Gabriel finds himself paired up with his colleague, Miss Ivors, for the next dance. She is a talkative young woman with striking brown eyes. She is wearing an Irish symbol on her collar. As they begin dancing she announces that she has something to discuss with Gabriel, and reveals that she has seen his column in “The Daily Express,” a known anti-Nationalist publication. Miss Ivors scolds Gabriel, calling him a “West Briton.”
Gabriel’s pride is wounded by yet another negative interaction with a woman. Instead of conforming to her role as a polite woman and avoiding conflict, Miss Ivors brings up a touchy subject with Gabriel and provokes him. He resents her audacity and is especially embarrassed since she is a woman and she is criticizing his political views in front of the other party guests. Miss Ivors’ brown eyes perhaps reflect her connection to Ireland and Dublin, and the name she teases Gabriel with—“West Briton”—refers to an Irishman who sympathizes more with England than his own country.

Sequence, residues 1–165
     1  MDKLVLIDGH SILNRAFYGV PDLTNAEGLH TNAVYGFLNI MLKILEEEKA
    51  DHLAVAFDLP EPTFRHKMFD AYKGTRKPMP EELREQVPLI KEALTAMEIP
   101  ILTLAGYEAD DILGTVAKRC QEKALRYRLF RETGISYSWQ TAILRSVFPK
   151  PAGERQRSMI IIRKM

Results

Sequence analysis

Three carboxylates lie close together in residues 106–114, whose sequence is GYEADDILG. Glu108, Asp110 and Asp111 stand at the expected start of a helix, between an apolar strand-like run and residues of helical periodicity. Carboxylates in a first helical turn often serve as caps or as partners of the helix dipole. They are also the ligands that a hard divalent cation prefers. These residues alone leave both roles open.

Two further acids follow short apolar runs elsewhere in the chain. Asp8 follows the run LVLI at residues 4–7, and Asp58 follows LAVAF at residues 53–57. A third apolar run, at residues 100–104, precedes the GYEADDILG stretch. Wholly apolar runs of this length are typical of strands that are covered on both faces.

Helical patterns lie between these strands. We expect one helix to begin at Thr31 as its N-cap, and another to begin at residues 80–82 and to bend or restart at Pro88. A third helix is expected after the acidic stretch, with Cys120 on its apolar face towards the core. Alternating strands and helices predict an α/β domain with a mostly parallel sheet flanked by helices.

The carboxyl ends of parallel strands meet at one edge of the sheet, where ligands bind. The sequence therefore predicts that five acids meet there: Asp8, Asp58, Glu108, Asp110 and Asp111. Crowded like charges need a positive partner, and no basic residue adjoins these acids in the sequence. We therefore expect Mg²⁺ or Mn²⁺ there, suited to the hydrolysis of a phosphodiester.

Miss Ivors then changes to a friendlier tone, and asks Gabriel to come on a trip to the Aran Isles in the coming summer. He declines, as he already has plans to go on a cycling tour somewhere on the continent. Miss Ivors asks why he is not interested in exploring his own country, and Gabriel responds harshly, saying he is sick of his own country. He remains agitated even after their conversation ends, believing that Miss Ivors intentionally humiliated him in front of the other guests.